UFC 232’s four title fighters all make weight
The four title fighters for UFC 232 hurried to the morning weigh-in scale and made weight less than 20 minutes after the session, overseen by the California State Athletic Commission, began Friday at the Los Angeles Airport Marriott.
Former light-heavyweight champion Jon Jones was first to the scale and weighed 204 pounds, followed quickly by Amanda Nunes, the women’s bantamweight champion seeking to add Cris Cyborg’s featherweight belt to her collection.
Nunes (16-4) weighed in at the featherweight limit of 145 pounds as she and Orange County-trained Cyborg prepared for the UFC 232 co-main event Saturday night at the Forum.
“Size doesn’t matter. I’m smart. I know how to beat her, and I will do it. I’ll be strong and capitalize on everything at the right moment,” Nunes told the Los Angeles Times Thursday.
Cyborg (20-1) weighed in at 144 pounds.
She was preceded by Jones’ repeat opponent Alexander Gustafsson of Sweden, who weighed in at 204.5 pounds. He and Jones staged one of the most gripping fights in UFC history in 2013, a light-heavyweight title bout in Toronto in which Jones prevailed by decision.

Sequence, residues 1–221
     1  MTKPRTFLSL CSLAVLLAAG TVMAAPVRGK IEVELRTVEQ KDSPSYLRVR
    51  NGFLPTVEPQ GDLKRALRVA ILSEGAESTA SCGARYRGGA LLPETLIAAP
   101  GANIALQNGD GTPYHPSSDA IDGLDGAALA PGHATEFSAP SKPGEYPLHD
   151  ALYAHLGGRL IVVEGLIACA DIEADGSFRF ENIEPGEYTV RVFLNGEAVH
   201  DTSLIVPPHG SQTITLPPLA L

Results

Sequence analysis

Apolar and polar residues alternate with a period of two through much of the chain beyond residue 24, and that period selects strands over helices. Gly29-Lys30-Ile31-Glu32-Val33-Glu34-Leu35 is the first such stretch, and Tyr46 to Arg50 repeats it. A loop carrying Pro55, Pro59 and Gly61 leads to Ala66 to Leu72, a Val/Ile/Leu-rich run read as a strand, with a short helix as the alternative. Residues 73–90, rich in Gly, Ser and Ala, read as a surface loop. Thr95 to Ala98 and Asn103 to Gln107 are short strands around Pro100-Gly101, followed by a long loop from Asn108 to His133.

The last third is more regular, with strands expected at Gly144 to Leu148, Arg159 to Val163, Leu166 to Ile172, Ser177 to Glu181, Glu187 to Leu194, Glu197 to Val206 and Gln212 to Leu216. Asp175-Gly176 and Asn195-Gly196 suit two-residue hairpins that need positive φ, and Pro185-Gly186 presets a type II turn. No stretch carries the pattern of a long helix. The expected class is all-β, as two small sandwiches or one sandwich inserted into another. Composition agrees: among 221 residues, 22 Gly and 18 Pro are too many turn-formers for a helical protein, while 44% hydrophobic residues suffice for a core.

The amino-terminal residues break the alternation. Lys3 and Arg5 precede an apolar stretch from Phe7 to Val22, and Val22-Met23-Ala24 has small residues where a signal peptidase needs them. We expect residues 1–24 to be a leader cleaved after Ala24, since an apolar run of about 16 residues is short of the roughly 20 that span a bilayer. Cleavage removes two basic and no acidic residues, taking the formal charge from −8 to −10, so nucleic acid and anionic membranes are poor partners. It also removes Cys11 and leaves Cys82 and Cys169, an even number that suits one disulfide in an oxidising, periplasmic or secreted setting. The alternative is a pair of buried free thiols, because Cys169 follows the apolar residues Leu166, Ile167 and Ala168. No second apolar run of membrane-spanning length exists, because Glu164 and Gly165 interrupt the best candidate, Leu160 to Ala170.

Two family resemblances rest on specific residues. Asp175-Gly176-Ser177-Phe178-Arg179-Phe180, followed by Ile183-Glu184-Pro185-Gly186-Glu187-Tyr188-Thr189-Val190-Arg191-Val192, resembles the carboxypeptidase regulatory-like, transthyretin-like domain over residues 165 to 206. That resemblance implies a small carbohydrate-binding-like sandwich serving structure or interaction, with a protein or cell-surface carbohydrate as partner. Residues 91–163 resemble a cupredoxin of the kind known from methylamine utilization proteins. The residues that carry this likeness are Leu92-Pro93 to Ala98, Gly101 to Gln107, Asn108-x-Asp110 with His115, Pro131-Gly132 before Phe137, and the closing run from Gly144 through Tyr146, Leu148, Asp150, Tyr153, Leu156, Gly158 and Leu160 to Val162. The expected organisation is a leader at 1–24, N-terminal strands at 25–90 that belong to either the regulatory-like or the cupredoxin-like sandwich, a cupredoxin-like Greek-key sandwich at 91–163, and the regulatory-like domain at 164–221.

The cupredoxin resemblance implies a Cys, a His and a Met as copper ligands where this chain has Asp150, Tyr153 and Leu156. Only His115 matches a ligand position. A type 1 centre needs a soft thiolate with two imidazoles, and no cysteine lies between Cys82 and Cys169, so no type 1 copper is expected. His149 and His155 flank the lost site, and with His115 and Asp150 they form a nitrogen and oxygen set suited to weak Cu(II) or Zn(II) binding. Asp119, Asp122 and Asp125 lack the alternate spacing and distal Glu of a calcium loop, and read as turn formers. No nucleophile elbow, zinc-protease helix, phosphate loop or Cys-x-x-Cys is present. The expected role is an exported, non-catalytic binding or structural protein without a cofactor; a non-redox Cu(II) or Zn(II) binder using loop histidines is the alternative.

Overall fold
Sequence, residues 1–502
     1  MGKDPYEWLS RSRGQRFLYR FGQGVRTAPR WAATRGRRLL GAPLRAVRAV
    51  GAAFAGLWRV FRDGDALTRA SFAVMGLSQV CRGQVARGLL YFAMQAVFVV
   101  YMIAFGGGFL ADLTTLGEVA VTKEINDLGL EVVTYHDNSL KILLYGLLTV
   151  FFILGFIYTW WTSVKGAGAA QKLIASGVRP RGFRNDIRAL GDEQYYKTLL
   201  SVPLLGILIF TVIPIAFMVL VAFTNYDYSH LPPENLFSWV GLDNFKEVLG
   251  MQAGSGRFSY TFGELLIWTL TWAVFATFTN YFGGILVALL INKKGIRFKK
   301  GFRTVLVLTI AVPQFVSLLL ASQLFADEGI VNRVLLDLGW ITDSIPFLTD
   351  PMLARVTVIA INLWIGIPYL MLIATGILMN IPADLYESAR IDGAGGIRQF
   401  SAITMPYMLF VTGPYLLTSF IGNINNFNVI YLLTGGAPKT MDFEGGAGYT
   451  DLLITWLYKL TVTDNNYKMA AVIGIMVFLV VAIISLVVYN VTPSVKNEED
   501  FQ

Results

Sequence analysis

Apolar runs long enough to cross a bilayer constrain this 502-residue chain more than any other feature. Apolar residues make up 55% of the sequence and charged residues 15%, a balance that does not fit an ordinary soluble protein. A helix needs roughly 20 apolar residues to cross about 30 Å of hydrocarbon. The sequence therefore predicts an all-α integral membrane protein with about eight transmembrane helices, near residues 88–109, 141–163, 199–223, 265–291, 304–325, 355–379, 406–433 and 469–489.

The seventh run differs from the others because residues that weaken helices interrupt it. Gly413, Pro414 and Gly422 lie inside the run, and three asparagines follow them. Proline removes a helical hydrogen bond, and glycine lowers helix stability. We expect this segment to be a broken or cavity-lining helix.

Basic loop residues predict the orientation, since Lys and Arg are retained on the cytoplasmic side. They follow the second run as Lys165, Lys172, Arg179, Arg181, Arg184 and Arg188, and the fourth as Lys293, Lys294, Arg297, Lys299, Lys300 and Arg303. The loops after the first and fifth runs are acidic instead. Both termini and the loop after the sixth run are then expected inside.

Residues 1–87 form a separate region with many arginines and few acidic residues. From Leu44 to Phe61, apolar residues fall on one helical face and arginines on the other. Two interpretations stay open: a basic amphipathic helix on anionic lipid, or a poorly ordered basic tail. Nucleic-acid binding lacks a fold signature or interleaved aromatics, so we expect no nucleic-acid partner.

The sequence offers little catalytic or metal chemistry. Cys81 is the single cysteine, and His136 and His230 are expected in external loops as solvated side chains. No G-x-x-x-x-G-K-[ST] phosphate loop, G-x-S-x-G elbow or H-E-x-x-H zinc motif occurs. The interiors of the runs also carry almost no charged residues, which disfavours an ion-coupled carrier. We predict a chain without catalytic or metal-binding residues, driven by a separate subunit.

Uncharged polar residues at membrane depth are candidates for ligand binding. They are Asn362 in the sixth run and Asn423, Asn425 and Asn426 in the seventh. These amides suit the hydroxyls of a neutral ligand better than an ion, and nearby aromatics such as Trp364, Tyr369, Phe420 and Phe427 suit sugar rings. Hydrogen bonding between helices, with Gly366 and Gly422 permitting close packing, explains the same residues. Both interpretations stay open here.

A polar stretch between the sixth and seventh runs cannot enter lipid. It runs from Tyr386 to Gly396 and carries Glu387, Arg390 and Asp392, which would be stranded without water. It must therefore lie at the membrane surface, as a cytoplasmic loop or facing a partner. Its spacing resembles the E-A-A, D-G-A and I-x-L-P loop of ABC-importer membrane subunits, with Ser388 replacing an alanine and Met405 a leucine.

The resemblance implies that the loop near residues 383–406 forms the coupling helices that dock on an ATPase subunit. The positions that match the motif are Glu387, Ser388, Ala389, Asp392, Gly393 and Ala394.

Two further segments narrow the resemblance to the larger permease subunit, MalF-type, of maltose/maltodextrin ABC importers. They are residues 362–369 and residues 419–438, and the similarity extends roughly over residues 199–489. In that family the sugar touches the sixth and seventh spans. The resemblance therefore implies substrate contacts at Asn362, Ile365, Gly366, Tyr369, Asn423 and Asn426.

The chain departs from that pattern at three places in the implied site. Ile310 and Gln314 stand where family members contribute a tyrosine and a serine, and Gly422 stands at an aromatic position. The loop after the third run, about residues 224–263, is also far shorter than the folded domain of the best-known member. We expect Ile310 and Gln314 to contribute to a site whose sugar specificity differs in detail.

The rematch was relocated to the Forum from the T-Mobile Arena in Las Vegas earlier this week when the Nevada Athletic Commission refused to license Jones following a steroid test that found the presence of a steroid metabolite.
The California State Athletic Commission cleared Jones to fight.
Jones tested positive for the same banned substance after his July 2017 stoppage of Daniel Cormier in Anaheim, and the committee suspended him for 15 months and fined him in excess of $200,000.
This time, the California commission received recommendations from a lab director and steroid expert that the amount of the substance was so low that it couldn’t produce performance-enhancing effects. And on Saturday, it gathered a clean follow-up steroid test from Jones in San Dimas.
Other steroid experts not associated with the California ruling have labeled the decision “unprecedented.”
Get our high school sports newsletter
Prep Rally is devoted to the SoCal high school sports experience, bringing you scores, stories and a behind-the-scenes look at what makes prep sports so popular.
You may occasionally receive promotional content from the Los Angeles Times.